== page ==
June 22, 2005
Diesel emissions passes Senate
By Paul M. Krawzak and Dori Meinert
of Copley News Service
WASHINGTON, D.C. - The Senate on Tuesday overwhelmingly approved a provision that would create a five-year, $1 billion program to reduce harmful emissions from older diesel engines.
The vote was 92-1 in favor of the proposal, an amendment offered by Sen. George Voinovich, R-Ohio, to an energy bill under debate in the Senate.
Caterpillar and other manufacturers as well as environmental groups support the legislation, which would be used to reduce harmful emissions from older diesel engines in a wide range of public and private vehicles including transit buses, garbage trucks, tractors and construction equipment.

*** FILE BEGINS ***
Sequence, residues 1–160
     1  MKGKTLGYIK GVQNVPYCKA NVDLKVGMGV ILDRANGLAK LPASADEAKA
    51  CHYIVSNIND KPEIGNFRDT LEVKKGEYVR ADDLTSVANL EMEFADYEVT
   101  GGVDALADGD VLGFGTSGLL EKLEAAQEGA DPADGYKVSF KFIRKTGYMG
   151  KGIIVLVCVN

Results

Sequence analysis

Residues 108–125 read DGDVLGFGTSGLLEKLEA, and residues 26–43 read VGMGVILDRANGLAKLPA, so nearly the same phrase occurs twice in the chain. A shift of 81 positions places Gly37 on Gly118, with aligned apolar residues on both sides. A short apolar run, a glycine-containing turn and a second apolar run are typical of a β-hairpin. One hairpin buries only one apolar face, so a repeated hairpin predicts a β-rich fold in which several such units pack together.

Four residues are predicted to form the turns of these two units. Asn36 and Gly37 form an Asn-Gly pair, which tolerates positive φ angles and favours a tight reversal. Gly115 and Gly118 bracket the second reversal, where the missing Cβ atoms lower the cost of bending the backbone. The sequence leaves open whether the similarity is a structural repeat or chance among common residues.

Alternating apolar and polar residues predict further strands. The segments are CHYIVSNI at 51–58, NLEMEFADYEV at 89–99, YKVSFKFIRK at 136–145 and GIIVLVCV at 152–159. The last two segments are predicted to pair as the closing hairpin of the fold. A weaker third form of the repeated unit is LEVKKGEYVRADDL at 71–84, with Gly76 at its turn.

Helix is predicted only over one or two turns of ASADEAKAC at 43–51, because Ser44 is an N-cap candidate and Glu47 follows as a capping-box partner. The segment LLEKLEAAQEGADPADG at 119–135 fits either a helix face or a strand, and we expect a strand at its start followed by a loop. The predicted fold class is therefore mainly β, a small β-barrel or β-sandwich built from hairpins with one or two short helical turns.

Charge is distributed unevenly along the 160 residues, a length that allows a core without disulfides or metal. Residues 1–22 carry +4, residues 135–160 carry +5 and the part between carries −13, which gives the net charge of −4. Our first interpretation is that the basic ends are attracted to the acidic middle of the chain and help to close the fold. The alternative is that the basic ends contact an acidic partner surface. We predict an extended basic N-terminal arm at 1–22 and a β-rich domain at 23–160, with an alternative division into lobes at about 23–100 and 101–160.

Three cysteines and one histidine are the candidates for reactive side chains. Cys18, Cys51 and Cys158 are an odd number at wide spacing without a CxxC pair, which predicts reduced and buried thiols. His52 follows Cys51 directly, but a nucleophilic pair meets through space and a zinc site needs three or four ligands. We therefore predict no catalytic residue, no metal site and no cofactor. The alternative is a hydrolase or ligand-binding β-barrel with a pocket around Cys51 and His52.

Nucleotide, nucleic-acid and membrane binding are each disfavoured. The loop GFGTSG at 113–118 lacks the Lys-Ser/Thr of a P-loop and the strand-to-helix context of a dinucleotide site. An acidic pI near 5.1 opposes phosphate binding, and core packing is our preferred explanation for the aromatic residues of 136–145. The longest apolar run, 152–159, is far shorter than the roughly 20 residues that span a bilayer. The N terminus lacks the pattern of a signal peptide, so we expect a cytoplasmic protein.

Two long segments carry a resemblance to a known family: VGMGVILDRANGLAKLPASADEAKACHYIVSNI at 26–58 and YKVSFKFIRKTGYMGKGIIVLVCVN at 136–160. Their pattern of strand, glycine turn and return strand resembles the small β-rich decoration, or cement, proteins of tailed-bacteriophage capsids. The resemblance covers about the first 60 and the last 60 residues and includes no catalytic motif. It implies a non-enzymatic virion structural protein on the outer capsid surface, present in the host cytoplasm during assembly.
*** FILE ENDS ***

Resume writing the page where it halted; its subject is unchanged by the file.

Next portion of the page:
The legislation would have to be adopted by the House to become law. Voinovich said he would "work hard to make it a reality."
Mark MacLeod, policy analyst for Environmental Defense, praised the amendment for taking "major strides toward cleaning up existing diesel pollution, which exposes millions of Americans to harmful exhaust every day."
He added that the legislation "relies on American ingenuity to accelerate the nation's transition to cleaner diesel engines and deliver healthier air to millions of Americans today."
The proposed loan and grant program would help state and local governments comply with clean-air regulations faster.